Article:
Two sisters get sincere apology from bully decades after school torment
Kathleen Rys and Lorraine O’Kelly were tormented in their school by bullies but received an apology more than half a century later.
Chicago Tribune reported that the two sisters met one of their classmates from Monee Elementary School in April 2018.
About 60 years after they graduated from grammar school, 72-year-old Rys and 70-year-old O’Kelly sat down to have a meal with one of their tormentors, 71-year-old Bruce Smit.
The meeting involved food, flowers, hugs, and a heartfelt apology by Bruce years after hurting them.
Read more on our Twitter account @amomama_usa.
The two sisters moved to Monee in the 1950’s from Chicago but soon found themselves isolated at their new school.
The two did not know why they were ignored by their peers. There seemed to be an unwritten rule by the time they reached middle school.
Students would avoid them and move to the other side of the hallway to get away from them. They would have empty chairs at lunch and blank pages in the yearbooks.
“When we climbed the stairs to go to our other classes, if someone bumped into us, they’d run to the washroom to wash their hands… We prayed to God because we knew at least he loved us.”
Lorraine O’Kelly, Chicago Tribune, April 29, 2018.
Bruce was one of them. However, more than six decades later, he decided to cleanse himself of his mistreatment of the sisters.
His wife, Tammy, organized the breakfast meeting. The group discussed the memories, and the scars the sisters and the perpetrator carried all these years.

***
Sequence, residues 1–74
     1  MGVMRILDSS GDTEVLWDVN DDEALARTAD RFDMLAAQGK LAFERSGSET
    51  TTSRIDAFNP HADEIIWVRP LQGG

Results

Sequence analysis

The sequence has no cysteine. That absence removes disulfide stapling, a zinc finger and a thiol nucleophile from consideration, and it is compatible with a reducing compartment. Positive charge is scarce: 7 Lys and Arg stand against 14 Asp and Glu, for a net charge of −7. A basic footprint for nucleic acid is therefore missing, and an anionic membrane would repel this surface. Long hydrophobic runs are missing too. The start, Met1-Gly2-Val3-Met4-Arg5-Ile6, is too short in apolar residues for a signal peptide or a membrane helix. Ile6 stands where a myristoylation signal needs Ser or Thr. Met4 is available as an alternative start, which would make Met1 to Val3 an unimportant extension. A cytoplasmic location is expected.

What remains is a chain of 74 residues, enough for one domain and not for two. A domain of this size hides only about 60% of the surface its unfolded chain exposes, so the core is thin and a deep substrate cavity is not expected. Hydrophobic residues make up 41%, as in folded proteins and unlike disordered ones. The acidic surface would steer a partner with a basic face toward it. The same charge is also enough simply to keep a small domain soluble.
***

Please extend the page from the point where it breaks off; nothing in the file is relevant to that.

An apology 60 years in the making.— Chicago Tribune (@chicagotribune) April 29, 2018
Over soup and coffee in Tinley Park, Kathleen Rys, 72, and her sister Lorraine O’Kelly, 70, made amends with one of their childhood tormentors, Bruce Smit, 71. https://t.co/I3hLwlP7GB pic.twitter.com/rvv2uL4tfJ
The memories of bullying began to haunt him when he was in medical school some years later. Now a Frankfort podiatrist, he said his earliest recollection was in the sixth grade.
When the students would change their classrooms, when one of the sisters walked down the hallway, everyone “would be flat against the wall until she passed.”
He added that they were cruel to them, wiping at his tears. He said there was no reason other than just following the crowd. His wife said that her husband would think about the sisters and cry at times.
Tammy decided to do something about her husband’s guilt. She found an address for Rys on the internet and then found O’Kelly’s daughter, Mary, on Facebook and set up the meeting.
They met at the Panera in the Brookside Marketplace, where Bruce lingered in a corner. Rys realized that he was stressed and said, “I forgive you.” Her sister followed suit.
He broke into tears, ashamed and embarrassed, but happy that he could finally apologize. He said it was a cathartic experience for him.